Truck: Open bed. For loading and carrying things like engines, transmissions, other dirty car parts, motorcycles, and yard waste, nothing beats an open bed.

Tinkering: My garage isn't huge, so the smaller the better. I have a lift rated for 5000lbs. and if I could use it with this vehicle, that'd be ideal.

Cheap: This is an extra, technically unnecessary vehicle. This won't get me to work, won't make me any money, so it's gotta be cheap to buy and operate.

An old truck was instantly out, as it would only seat three people max, and the universe has so graciously granted me a family of four (plus a dog). Plus the old truck would likely be rear wheel drive, making it all but useless once the slightest whiff of white stuff hits the ground.

The four door + open bed requirement knocks out a lot of popular off-roaders like the 4Runner, any Jeep pre-Gladiator, Pathfinder. The "not-too-big" requirement knocks out a full-size four door truck.

That leaves me with small quad cab pickups:
- Tacoma
- Frontier
- Colorado
- Dakota
- Ridgeline

The Ridgeline is out immediately - it's a front wheel drive crossover at heart, so the ability to rock crawl or tow just isn't there.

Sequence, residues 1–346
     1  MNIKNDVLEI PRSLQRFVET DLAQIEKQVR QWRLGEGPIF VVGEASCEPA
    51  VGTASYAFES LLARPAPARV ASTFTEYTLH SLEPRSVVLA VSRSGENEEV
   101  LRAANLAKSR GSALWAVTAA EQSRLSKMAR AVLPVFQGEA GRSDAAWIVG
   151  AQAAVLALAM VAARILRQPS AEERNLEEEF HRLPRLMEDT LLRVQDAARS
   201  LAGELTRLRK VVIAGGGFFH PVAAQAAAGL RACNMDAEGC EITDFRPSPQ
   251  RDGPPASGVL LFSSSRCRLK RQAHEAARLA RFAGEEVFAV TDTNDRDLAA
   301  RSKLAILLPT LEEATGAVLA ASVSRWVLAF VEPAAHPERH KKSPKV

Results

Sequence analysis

The Dakota is out because it's a Dakota.

The Tacoma and Frontier are nice, but even the most ragged 250,000 mile examples are still fetching $7000+, and in both cases their manufacturers let their development languish. Their top specs are anemic 4.0L V6s wheezing out barely over 200hp.

The Colorado is interesting - its depreciation is much higher than the Japanese offerings - plenty of examples under $6k. Its inline 5 engine isn't any better than the competitor's V6s, but it was available with a V8. That's intriguing - V8 power in a small package is kind of my jam. But the V8s are mega rare and all well over $10k - Cars.com shows 6 for sale nationally vs. 250 of the I5 models. And the V8 still came with the sad 4 speed auto.